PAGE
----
FLORENCE, Ky. - 9 News has learned that the much-anticipated results of DNA testing in the 9-month-old double murder case of an N.Ky. couple has been sent from the lab to the Boone County Sheriff's Office for examining.
Bill and Peggy Stephenson, both 74, of Florence, were found brutally murdered in May 2011 in their Florence condo.
Detectives and members of the Stephensons' family have been anxious for these results, which they hope will lead to a break in the case that has devastated the Florence community.
This is the first of three rounds of DNA testing that will be done. Investigators believe this round will most likely lead to a killer if they are able to find anything.
The Stephensons' daughter, Beth Victor, tells 9 News she is relieved to now have this evidence back from the lab, but is only "cautiously optimistic" it will help bring answers after such a long and painful wait.
"It's been terrible on our family. It's just been horrible," said Victor.
The Stephensons were pillars of their community. They ran a truck stop ministry at Travel Centers of America in Florence. Bill led a service there every Sunday, and Peggy played the organ at the couple's Florence church. Why someone would kill them has baffled detectives for nine months.
Victor's husband found the couple dead in their home. The conversation that had to happen between Victor and her husband that day was more than Victor could talk about.
Victor says she and her siblings have met almost weekly, sometimes with detectives, to talk and support each other.
"I will say one thing, it's drawn us closer as a family, but I hate it's taken this to make us closer," said Victor.
Victor says her family's "new normal" is the pain of loss and worrying the killer or killers might want to harm another member of the family.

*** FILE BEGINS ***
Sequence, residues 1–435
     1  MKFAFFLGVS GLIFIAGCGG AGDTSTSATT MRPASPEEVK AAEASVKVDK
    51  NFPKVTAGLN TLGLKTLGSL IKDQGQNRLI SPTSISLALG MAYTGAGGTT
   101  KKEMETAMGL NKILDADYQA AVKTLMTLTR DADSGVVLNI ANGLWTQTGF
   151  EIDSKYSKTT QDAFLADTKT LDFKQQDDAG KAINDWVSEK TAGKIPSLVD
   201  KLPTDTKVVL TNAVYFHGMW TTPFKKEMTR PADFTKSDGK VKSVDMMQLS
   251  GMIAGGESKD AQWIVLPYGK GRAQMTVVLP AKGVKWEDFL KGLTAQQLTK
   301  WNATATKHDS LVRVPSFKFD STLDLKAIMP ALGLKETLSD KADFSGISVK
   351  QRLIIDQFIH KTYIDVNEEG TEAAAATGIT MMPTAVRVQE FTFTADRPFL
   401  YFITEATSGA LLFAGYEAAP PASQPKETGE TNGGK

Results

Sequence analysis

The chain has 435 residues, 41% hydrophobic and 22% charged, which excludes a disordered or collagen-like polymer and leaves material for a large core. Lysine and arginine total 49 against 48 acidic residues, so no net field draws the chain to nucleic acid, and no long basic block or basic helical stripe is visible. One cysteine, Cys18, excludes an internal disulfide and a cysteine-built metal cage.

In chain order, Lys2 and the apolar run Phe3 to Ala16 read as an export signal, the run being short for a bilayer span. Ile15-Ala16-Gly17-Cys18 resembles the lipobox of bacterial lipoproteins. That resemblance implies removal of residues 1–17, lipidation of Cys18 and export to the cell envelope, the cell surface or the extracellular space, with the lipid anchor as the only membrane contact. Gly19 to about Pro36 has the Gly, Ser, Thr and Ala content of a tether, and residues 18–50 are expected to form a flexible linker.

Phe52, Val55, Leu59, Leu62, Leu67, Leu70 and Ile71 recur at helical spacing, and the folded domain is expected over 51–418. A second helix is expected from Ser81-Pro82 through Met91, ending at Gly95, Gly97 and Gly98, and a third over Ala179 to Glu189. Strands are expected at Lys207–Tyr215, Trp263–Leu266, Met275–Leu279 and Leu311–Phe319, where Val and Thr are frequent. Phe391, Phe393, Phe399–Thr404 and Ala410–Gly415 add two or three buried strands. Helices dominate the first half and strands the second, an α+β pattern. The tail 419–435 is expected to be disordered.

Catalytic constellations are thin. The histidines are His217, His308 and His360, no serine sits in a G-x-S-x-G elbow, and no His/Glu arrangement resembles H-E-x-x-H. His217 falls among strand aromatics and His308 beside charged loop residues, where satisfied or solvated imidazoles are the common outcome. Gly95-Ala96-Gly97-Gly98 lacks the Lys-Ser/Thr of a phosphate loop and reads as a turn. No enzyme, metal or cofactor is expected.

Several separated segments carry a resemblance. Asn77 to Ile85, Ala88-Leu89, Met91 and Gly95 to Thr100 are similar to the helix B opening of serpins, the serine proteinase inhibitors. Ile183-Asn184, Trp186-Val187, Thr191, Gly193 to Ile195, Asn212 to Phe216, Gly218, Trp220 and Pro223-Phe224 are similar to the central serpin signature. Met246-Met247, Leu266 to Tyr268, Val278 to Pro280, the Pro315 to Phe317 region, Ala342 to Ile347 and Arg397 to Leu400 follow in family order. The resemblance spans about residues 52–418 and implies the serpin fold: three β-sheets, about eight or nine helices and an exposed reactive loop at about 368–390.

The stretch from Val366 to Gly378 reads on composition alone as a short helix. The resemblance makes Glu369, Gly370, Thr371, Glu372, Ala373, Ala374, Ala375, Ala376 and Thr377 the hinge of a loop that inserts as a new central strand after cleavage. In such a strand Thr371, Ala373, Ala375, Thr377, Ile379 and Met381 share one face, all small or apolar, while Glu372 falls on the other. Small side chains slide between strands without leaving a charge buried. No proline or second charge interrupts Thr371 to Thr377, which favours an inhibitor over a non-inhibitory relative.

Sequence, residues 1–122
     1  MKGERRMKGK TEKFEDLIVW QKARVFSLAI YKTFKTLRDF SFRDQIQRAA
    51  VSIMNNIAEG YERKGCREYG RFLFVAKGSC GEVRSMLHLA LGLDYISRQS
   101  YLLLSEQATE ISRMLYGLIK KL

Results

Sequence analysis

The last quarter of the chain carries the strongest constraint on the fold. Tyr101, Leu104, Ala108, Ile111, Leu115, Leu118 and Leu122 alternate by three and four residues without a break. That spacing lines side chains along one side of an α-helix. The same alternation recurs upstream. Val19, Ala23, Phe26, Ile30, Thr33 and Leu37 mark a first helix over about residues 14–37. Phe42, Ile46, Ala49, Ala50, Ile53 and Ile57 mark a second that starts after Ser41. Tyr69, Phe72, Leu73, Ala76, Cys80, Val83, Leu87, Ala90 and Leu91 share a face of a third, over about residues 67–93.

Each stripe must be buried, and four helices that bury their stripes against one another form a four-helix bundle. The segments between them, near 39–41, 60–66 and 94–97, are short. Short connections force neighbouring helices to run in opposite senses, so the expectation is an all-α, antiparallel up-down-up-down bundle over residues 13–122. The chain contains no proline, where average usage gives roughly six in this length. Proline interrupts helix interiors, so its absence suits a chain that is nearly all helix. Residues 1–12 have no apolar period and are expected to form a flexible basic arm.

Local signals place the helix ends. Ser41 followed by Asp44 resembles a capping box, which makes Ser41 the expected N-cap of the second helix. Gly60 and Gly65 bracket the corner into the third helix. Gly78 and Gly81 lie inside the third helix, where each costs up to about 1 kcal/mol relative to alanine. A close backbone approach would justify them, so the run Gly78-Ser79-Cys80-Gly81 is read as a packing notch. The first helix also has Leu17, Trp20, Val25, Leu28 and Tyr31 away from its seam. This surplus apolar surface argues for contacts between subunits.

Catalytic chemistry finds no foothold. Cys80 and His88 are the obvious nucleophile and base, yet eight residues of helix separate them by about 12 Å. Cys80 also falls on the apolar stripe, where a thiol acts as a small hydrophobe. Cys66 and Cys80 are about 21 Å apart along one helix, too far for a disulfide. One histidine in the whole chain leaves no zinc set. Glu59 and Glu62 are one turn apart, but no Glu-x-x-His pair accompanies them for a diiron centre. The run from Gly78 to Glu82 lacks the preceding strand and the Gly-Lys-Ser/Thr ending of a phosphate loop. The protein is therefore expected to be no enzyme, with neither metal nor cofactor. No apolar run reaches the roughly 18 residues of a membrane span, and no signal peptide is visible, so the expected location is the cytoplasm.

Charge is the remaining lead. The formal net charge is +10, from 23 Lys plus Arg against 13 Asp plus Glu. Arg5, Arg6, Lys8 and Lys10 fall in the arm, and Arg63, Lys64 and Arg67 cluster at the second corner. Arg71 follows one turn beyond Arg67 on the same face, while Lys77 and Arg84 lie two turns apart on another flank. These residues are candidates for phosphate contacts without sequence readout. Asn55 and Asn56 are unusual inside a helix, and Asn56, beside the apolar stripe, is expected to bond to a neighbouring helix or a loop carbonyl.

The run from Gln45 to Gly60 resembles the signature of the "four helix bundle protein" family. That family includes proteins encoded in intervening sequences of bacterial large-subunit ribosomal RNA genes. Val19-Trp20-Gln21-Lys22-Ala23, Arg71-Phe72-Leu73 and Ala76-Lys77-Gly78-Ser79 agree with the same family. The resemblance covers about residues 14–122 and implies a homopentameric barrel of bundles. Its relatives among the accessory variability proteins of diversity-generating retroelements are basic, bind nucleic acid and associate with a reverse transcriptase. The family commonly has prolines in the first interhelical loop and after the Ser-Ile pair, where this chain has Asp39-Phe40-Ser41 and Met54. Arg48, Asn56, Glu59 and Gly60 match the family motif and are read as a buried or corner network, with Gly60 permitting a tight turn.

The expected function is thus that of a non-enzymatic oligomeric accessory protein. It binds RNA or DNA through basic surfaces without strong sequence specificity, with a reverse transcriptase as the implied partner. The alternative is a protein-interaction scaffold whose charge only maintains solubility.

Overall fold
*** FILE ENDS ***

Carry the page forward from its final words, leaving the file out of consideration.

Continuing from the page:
"We live in fear every day, you know that they're watching us, windows, blinds stayed pulled in all of our houses. I don't go out at night a whole lot by myself," Victor said.
Victor says because the family doesn't know why the murders happened, they can't be sure they're safe.
Investigators have not released whether anything was taken from their home, being very tight-lipped to protect their investigation.
Boone County sheriff's detectives have made no arrests despite interviewing hundreds of people in eight states, but all the while potentially key DNA evidence that could point to a killer or killers sat on a shelf, no one analyzing it for some six months.
"We understand that the family is very distressed, that the community has someone out and about and they'd like to know who did this. I am very concerned about the case," said Laura Sudkamp, who manages the six Kentucky State Police Forensic Laboratories that receive evidence from police agencies across the Commonwealth.
Sudkamp says Boone County wanted the Stephenson evidence handled by an analyst in the Northern Kentucky lab with whom the county had a longtime relationship, but that analyst had to take a leave that proved lengthy.
"They waited as long as they could. Then they went ahead and said 'send it to the central lab for it to get worked.' We need results," said Sudkamp.
Sudkamp says an unexpected surge in cases has also kept the labs from speeding up the turn around of results.
"Officers are learning more and more about collecting DNA on the scene," said Sudkamp.
Sudkamp says the evidence load has more than doubled the past few years, keeping cases backlogged by four-to-six months despite a faster turn around rate.
She's now hiring three more analysts and is working on a grant to bring in robots, "to bring that down closer to 60-to-90 days, so that officers can actually use it as an investigative tool instead of just court purposes," said Sudkamp.
Sudkamp says if the state of Kentucky gave her $5 million, she could bring the wait time down to 30 days in the next year-and-a-half. That kind of priority would be up to lawmakers and taxpayers, she said.
Meantime DNA Supervisor Whitney Collins says she's been working nights and weekends on the Stephenson case since late December.
Boone County detectives are anxious to get the DNA evidence and hope it will help them solve the case, said spokesperson Tom Scheben. They will receive two more rounds of DNA evidence after this initial one as Collins keeps working on the case at the central lab.
Collins can't talk about what she may have found so far on the Stephenson case, but hopes it will help bring answers.
So do Beth Victor and her brothers, who remind the community they're offering a $5,000 reward for information leading to an arrest.
"We just want it solved, we just want to know who did it and why," said Victor.